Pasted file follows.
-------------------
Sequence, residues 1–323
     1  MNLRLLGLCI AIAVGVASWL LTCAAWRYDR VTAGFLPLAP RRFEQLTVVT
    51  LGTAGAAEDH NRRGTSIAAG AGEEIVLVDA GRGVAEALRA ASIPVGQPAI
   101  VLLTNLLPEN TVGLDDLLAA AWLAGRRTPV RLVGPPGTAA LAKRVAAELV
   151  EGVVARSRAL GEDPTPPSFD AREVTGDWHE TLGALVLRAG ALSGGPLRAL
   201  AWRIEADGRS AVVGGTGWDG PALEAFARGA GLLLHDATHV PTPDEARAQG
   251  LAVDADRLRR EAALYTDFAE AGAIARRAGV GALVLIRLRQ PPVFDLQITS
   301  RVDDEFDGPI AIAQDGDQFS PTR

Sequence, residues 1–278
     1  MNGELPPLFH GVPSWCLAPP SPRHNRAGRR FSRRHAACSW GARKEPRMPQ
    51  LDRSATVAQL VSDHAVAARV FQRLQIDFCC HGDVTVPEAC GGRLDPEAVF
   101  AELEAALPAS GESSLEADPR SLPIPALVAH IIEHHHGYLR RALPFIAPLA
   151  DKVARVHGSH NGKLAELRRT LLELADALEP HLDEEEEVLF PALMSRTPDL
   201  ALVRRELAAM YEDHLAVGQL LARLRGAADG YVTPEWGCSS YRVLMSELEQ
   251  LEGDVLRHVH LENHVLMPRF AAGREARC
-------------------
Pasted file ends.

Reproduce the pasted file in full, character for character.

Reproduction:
Sequence, residues 1–323
     1  MNLRLLGLCI AIAVGVASWL LTCAAWRYDR VTAGFLPLAP RRFEQLTVVT
    51  LGTAGAAEDH NRRGTSIAAG AGEEIVLVDA GRGVAEALRA ASIPVGQPAI
   101  VLLTNLLPEN TVGLDDLLAA AWLAGRRTPV RLVGPPGTAA LAKRVAAELV
   151  EGVVARSRAL GEDPTPPSFD AREVTGDWHE TLGALVLRAG ALSGGPLRAL
   201  AWRIEADGRS AVVGGTGWDG PALEAFARGA GLLLHDATHV PTPDEARAQG
   251  LAVDADRLRR EAALYTDFAE AGAIARRAGV GALVLIRLRQ PPVFDLQITS
   301  RVDDEFDGPI AIAQDGDQFS PTR

Sequence, residues 1–278
     1  MNGELPPLFH GVPSWCLAPP SPRHNRAGRR FSRRHAACSW GARKEPRMPQ
    51  LDRSATVAQL VSDHAVAARV FQRLQIDFCC HGDVTVPEAC GGRLDPEAVF
   101  AELEAALPAS GESSLEADPR SLPIPALVAH IIEHHHGYLR RALPFIAPLA
   151  DKVARVHGSH NGKLAELRRT LLELADALEP HLDEEEEVLF PALMSRTPDL
   201  ALVRRELAAM YEDHLAVGQL LARLRGAADG YVTPEWGCSS YRVLMSELEQ
   251  LEGDVLRHVH LENHVLMPRF AAGREARC